- National Geographic Explorer
- Luxury Expedition Ship
- 148 Capacity
- 12 Days
- Price from
Summary : Centuries ago, Erik the Red became the first European to visit Greenland, and in 1972, Lars-Eric Lindblad pioneered expeditions to the icy country. The region’s history is enriched through walks amid Viking ruins and colorful villages, with a naturalist staff providing a rich understanding of the dramatic landscape and wildlife. On this journey from Iceland to Greenland, there will be opportunities to hike, Zodiac and kayak Iceland’s Westfjord region and Greenland’s east coast. Explore Viking sites settled by Erik the Red 500 years before Columbus. Plus, meet the friendly Greenlanders who maintain their traditional lifestyle.
All departures are photo expeditions, see end of page for details.
Activities : Child-Friendly, Culture, Hiking, Kayaking, Photography
Just-Released Offer Receive complimentary charter air (value up $1,225 per person).
Free Chronicle: Receive a free video chronicle of your trip, compliments of ExpeditionTrips!
Free Subscription: Complimentary 1-year subscription to National Geographic Magazine (one per booking).
$10,580 to $19,550
Depart home and board flights for Reykjavik, Iceland.
Arrive in Reykjavik, the world’s northernmost capital, which lies only a fraction below the Arctic Circle and receives just four hours of sunlight in winter and 22 in summer. Have a guided overview of the Old Town, including Hallgrimskirkja Cathedral with its 210-foot tower, and shed some light on Nordic culture at the National Museum, with its Viking treasures and artifacts. Embark National Geographic Explorer.
National Geographic Explorer navigates Iceland’s wild western frontier, sailing past the immense Latrabjarg cliffs, the westernmost point of Iceland and home to a huge population of razorbills. The cliffs are an area once famous for egg collecting; the men were tied to ropes and lowered like spiders down onto the ledges. Continue to Flatey Island, a trading post for many centuries, for walks around the charming little hamlet that grew here.
Follow the wake of Eric the Red and Brendan the Navigator as you cross to Greenland. Watch for blue whales.
The Greenland Ice Sheet, roughly 80% of the surface of Greenland, is the second largest ice body in the world, after the Antarctic Ice Sheet. The high arctic-like climate is dominated by ice floes. Among the options for exploration are landings at Skjoldungen fjord or Napasorsuaq fjord. Tools for exploration will be used to the fullest, taking Zodiac or kayak forays among the icebergs and deploying a Remotely Operated Vehicle.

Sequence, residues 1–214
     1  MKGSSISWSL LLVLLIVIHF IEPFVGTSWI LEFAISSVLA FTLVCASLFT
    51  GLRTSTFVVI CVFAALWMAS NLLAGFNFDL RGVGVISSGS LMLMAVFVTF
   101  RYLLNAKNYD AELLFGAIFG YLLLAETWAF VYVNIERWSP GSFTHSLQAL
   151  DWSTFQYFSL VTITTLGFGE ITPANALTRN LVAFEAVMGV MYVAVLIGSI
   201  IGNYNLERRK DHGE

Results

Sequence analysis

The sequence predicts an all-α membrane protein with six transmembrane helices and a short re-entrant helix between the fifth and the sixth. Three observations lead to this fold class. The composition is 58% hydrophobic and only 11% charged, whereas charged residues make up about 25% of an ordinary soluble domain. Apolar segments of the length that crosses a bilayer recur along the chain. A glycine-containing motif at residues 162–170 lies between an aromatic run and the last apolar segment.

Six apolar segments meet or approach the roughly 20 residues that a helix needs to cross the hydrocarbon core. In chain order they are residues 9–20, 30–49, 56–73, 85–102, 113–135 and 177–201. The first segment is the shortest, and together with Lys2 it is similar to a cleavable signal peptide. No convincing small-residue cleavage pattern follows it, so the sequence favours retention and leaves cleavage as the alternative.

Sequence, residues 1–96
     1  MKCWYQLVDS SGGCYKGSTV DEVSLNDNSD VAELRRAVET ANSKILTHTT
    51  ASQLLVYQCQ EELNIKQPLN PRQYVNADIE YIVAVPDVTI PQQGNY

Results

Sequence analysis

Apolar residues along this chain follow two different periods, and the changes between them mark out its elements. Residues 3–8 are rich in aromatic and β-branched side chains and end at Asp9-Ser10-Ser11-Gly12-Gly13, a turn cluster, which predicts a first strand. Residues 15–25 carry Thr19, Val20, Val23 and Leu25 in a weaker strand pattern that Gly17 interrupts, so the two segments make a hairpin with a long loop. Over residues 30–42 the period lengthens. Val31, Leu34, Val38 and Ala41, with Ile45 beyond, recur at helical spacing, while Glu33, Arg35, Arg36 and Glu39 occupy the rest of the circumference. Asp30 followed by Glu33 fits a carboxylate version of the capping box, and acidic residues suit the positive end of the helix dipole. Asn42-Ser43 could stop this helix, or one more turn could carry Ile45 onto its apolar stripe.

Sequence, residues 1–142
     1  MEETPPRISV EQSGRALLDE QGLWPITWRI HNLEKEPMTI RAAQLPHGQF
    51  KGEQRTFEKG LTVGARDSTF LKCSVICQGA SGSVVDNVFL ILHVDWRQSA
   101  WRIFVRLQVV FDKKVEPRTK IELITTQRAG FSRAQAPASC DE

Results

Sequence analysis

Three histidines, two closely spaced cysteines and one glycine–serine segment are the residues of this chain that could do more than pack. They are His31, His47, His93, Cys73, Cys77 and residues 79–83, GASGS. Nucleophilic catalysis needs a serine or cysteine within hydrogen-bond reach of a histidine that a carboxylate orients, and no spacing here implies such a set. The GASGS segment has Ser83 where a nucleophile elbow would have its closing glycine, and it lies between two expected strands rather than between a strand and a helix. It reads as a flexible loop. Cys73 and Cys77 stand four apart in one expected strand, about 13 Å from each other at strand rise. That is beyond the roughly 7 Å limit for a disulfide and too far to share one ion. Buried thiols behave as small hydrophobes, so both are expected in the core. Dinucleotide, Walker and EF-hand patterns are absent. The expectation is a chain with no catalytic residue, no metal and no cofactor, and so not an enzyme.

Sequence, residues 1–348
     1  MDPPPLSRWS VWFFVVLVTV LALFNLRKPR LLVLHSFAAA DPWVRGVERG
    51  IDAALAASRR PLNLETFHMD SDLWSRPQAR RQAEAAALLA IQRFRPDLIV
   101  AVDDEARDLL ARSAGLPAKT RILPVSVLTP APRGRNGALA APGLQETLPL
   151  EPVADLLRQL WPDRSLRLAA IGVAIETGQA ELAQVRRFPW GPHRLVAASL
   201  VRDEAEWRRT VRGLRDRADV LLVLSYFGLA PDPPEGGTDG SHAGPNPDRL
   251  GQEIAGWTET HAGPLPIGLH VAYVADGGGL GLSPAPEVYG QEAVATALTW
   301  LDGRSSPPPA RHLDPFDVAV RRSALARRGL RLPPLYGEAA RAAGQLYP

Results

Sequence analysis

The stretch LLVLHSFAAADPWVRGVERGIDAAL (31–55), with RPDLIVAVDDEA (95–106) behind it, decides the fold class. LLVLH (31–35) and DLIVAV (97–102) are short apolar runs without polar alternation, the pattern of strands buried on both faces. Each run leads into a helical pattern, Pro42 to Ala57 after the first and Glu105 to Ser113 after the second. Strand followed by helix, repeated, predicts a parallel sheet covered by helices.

Prins Christian Sund is a major fjord on the southern coast of Greenland. Surrounded by mountain pinnacles and glaciers, the decks are perfect for viewing this landscape. Anchor off Nanortalik, Greenland’s most southerly town. Go ashore to the picturesque little town by the water’s edge.
Explore a remarkable site on the Viking Trail. Qaqortukulooq was settled by one of Erik the Red’s cousins in 986 AD. A UNESCO World Heritage site, it is the most extensive Norse site in Greenland. The ship then continues to Qaqortoq. Inhabited since Norse times, the Scandinavian influence is still apparent in the colorful wooden buildings and town museum, displaying Greenlandic kayaks, hunting equipment, art, and crafts.
Eriksfjord is the area that Erik the Red chose for his farm when he settled here in 982 AD. You’ll explore Brattahlid, site of the first Christian church in the western hemisphere, built by Erik’s wife, Tjodhilde. This region is also the starting point of the first voyages to North America by his son, Leif Eriksson, 500 years before Columbus.
Nuuk is the world’s smallest capital city with 15,000 inhabitants. Visit the National Museum with its famous 15th-century Qilakitsoq mummies, found near Uummannaq, and the subject of a National Geographic cover story.
Today is left open for exploration of this rugged coastline. Take a Zodiac cruise, kayak, or hike across the tundra. Your Undersea Specialist may launch the ROV to see the marine life inhabiting the fjord floor.
Disembark in Kangerlussuaq and fly to Ottawa via privately chartered aircraft. Overnight at the Fairmont Chateau Laurier, or similar, and fly home from Ottawa.
Photo Expeditions: All departures
The photo team, a National Geographic Photographer and a Photo Specialist, will enhance your voyage by working with you on photo composition and exposure; helping you develop your own unique vision; showing you how professionals edit and store images while on the go; and sharing the stories behind some of their greatest images. Whether expert or interested beginner, you'll find added benefits such as walks ashore and Zodiac cruises dedicated to photography, presentations on the creative and technical aspects of photography, and one-on-one mentoring and coaching in the field.
Optional Pre-Trip Extension:
Iceland's Wonders: (3 Days) Explore the geological wonders in the heart of the Icelandic wilderness: towering glaciers and gushing hot springs, boiling mud pools, lava fields and thundering waterfalls. From $2,950 per person.
Optional Pre-Trip or Post-Trip Extension:
Reykjavik’s Golden Circle & Blue Lagoon: (1 Day) Extend your stay in Reykjavik, the world's northernmost capital. Enjoy the surreal Blue Lagoon, and have a guided in-depth experience along the famed Golden Circle. From $770 per person.
One hotel night in Ottawa; ship accommodations; meals onboard; excursions; services of expedition staff and expert guides; use of kayaks; all port charges and service taxes.
Air transportation; visa/immigration fees; personal items such as alcoholic beverages, emails, laundry, etc.; discretionary tips to ship’s crew, optional extensions.